We've all seen them. A video that is sped up by about 2 times its normal rate, showing an industrial robot performing some sort of complicated task. The main issue is the speed at which the robot is actually operating at. Industrial robotics can't be fully implemented if what we're left with are slow robots working at a slow pace. That's where motion planning comes in. Researchers at Duke University explain: "Motion planning is the problem of finding a path to move a robot from its current position to some goal position without colliding with any obstacles."
Essentially, collision detection software needs to be built into the robot's processor so that it knows what to avoid and what to pick up. The processor has collision detecting circuits, according to an engineer which assisted in the building of the chip.
Credit: Duke Robotics
"Although motion planning has been studied for decades, existing techniques take seconds on general purpose CPUs and hundreds of milliseconds on power-hungry GPUs to create a single plan. This is a major obstacle to the practical use of robots in unstructured environments as there are often long delays between the desire to execute a motion, and actually having a plan to execute," said the researchers in their video.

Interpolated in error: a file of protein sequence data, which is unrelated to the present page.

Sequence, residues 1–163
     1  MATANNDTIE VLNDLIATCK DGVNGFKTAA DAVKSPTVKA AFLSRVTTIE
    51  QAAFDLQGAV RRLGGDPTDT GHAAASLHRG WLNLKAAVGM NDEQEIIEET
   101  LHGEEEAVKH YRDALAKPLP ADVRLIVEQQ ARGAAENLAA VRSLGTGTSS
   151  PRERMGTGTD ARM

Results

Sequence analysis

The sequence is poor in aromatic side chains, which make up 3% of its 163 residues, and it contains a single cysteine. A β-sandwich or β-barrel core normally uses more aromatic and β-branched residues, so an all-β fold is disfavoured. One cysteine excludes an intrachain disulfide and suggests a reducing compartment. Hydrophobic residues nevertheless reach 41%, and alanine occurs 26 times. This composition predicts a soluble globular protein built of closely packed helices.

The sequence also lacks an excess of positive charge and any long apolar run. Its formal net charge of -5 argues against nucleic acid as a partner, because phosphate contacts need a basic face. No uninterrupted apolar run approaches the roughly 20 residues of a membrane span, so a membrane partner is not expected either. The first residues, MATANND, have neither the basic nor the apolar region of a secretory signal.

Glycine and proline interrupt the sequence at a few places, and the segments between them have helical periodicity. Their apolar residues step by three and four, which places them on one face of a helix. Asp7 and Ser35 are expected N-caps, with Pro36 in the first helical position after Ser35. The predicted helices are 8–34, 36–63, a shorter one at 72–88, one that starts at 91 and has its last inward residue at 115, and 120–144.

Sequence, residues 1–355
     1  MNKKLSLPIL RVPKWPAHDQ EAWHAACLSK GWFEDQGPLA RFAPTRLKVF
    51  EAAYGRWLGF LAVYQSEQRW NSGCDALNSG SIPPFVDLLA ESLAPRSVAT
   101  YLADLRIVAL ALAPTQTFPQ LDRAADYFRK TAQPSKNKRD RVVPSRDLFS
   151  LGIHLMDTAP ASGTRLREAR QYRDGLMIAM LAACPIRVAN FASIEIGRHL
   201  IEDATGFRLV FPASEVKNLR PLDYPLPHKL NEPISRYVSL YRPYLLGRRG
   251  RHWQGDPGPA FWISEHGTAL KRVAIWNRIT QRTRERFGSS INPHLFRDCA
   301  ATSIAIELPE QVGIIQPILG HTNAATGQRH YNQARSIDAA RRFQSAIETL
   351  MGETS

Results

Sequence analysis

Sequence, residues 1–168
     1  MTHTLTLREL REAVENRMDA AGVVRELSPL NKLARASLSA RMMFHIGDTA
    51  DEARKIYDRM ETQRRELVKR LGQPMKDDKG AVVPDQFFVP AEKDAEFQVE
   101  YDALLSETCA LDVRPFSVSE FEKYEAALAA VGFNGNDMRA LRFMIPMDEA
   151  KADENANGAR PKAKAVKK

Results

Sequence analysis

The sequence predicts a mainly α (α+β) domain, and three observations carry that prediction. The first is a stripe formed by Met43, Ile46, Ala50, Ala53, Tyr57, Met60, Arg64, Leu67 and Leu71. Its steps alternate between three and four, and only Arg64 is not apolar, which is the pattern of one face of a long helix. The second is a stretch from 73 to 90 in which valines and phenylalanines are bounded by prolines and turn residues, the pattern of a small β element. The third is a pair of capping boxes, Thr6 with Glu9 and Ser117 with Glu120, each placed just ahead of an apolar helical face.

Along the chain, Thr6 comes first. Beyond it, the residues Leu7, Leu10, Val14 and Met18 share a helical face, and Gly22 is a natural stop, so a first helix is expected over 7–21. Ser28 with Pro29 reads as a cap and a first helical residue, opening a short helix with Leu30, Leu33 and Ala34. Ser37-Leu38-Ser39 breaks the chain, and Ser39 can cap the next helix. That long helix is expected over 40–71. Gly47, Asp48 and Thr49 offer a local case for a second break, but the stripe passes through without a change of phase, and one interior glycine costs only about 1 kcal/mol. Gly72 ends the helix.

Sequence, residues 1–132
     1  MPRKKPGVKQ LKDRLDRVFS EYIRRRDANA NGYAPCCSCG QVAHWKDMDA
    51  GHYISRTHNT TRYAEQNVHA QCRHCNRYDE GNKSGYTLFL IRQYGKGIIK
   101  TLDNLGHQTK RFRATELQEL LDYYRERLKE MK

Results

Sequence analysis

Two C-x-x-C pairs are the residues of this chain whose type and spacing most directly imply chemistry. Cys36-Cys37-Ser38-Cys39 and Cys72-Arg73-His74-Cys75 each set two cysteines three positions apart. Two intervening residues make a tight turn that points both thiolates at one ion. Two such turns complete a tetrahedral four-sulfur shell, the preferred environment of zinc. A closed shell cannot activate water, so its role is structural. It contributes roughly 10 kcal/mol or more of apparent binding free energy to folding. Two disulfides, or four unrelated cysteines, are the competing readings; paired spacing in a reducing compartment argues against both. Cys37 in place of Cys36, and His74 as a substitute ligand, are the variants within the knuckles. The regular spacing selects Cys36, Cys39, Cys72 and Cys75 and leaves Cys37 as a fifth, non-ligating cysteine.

The researchers are trying to save the day with the processor they have developed. They have published their findings in a journal titled Robot Motion Planning on a Chip. They claim they are able to speed up the motion planning three times over and say that it would use 20 percent less power than robots do for motion planning as it is. The researchers have tested a robot arm out on their motion planning chip and have revealed that the motion planning takes less than a millisecond to motion plan.
The researchers use multiple Microsoft Kinects put in four different locations around a robotic arm, which then calculates 3D volumes in its path, which are called voxels. The algorithm then calculates what is considered an object due to a pre-existing instruction and avoids anything that it is programmed to avoid.
As a result, the robot looks to be working as quick as a human would in terms of noticing what obstacles are in its way, and circumnavigating around them to obtain the item it is looking for. In other words, it is motion planning in real time much like a human brain would. Of course, it isn't completely full-proof yet but the research indicates that robots will be extra efficient in the future.
Watch the video below to see the impressive engineering feats that the engineers over at Duke Robotics have perfected: